June 22, 2015
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El Anatsui, Womb of Time, 2014, aluminum and copper wire, 24 x 86 x 44".
THE SCHOOL - JACK SHAINMAN GALLERY
25 Broad Street
May 17–September 26
The spacious, light-drenched galleries of the School in Kinderhook, New York, provide an ideal setting for El Anatsui’s current retrospective surveying his prolific fifty-year-long career. One senses an increasing self-reflexivity in his latest output, which is perhaps most apparent in works such as Generation Mix, 2014, wherein the shimmering metal fragments used in his most celebrated series of the last decade are affixed to wooden assemblages that recall his “Old Cloth” series of the 1990s, examples of which are also on view.
Anatsui’s “Broken Pots” series, first shown in 1979 at the University of Nigeria, Nsukka, reflects on cultural fragmentation and resilience. Inspired in part by Nok terra-cotta sculpture, works such as Chambers of Memory, 1977, and Gbeze, 1979, invoke the chaos of colonization and affirmed the promise of independence for new African nations. Thirty-five years later, echoes of this series are legible in the artist’s metal constructions. One such sculpture appears as a giant suspended orb punctured with gaping holes, marking a departure from his flattened wall hangings. Titled Womb of Time, 2014, it also links the global unrest felt during the postwar era to that of our present day.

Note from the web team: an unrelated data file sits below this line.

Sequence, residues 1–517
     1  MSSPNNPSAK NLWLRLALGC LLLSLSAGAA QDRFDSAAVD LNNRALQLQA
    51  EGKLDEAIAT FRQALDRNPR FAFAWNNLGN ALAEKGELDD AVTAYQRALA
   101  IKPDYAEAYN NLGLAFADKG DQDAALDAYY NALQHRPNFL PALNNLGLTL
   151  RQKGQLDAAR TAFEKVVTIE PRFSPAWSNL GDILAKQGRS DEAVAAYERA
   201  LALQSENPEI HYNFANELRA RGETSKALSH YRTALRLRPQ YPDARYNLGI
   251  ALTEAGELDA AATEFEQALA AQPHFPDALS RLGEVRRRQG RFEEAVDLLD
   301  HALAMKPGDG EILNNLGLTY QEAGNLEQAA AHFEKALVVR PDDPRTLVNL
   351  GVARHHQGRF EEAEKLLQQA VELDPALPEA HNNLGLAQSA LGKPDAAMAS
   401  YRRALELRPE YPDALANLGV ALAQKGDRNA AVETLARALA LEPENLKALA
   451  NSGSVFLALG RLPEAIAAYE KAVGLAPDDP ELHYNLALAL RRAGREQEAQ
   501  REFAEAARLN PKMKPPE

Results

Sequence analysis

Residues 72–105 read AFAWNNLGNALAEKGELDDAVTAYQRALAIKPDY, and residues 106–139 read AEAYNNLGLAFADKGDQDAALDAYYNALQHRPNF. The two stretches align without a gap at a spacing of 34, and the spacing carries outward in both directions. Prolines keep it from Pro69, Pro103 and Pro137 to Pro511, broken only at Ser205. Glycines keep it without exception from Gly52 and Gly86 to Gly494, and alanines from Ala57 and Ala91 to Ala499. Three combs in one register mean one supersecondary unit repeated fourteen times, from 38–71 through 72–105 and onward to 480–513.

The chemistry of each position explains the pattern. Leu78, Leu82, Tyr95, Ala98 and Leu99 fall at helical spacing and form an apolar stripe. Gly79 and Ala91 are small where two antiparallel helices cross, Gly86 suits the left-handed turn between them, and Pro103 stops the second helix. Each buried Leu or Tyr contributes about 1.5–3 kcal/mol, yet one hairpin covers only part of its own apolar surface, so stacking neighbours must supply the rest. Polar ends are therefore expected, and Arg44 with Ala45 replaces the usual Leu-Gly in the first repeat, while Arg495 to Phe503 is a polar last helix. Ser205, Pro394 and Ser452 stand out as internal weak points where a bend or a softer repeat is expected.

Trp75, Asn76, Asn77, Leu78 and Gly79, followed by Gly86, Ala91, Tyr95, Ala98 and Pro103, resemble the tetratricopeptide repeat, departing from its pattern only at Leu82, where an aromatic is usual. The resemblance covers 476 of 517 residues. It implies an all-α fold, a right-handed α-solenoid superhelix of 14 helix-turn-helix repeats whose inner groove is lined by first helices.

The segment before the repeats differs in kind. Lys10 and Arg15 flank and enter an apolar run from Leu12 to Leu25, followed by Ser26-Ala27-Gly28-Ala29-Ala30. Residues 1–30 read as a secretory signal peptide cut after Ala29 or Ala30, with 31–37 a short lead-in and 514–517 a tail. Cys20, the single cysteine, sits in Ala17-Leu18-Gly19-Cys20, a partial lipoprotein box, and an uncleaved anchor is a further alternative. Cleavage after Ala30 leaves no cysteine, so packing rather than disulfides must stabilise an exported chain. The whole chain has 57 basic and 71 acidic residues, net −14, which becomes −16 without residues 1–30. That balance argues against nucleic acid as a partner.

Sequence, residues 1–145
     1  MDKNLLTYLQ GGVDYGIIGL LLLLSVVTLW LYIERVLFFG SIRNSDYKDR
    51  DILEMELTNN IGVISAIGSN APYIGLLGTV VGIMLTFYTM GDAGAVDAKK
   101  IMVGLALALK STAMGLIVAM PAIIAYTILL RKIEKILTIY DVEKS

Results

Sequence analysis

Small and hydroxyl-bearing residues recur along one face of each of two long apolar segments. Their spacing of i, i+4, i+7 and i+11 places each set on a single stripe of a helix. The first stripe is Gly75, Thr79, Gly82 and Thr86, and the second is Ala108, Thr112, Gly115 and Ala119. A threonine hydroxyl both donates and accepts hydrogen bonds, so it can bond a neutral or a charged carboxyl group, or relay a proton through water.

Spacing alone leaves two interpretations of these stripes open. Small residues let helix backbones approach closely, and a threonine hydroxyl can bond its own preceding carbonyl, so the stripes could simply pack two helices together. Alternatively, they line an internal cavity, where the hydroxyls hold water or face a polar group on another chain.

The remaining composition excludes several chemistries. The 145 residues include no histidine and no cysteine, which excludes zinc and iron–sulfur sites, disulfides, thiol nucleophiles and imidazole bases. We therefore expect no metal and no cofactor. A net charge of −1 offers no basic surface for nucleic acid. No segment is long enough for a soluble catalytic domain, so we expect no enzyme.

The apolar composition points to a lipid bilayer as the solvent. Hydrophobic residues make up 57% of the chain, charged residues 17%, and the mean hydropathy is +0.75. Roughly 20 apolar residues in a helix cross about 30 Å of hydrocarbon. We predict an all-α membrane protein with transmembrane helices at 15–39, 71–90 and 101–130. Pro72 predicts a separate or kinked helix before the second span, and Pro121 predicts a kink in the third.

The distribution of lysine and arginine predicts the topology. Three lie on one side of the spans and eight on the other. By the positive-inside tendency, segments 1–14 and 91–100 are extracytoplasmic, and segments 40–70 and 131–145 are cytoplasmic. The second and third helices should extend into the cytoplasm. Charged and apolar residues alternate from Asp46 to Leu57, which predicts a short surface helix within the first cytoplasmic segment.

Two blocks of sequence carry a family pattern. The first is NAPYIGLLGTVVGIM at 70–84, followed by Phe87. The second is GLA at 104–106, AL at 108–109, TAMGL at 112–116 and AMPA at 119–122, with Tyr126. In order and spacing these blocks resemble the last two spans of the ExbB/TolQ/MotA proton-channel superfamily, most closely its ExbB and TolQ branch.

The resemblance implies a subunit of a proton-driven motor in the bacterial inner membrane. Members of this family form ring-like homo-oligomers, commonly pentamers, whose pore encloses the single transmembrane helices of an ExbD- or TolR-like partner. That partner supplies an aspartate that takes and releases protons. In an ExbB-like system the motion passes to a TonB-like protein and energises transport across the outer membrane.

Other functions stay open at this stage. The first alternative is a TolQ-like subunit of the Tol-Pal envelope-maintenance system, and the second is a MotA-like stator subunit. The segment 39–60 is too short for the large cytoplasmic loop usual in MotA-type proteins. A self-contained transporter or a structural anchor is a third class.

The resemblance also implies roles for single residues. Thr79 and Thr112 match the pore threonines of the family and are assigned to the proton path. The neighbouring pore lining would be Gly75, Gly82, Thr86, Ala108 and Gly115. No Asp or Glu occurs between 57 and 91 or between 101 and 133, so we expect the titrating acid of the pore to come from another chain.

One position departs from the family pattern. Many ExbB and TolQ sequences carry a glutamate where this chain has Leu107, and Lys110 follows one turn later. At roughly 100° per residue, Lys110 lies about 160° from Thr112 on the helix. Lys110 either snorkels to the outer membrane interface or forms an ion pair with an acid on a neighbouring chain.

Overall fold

While only a small number of works are directly figurative, many of the artist’s most abstract sculptures are treated as bodies that may be wounded or healed. Stressed World, 2011, one of the largest works on view, appears worn and neglected, as if embodying the strain placed on our natural environment. Anatsui’s handling of found materials is both violent and conscientious, consistently evoking themes of disorder and reinvention while inviting an awareness of the consequences of ecological and cultural destruction.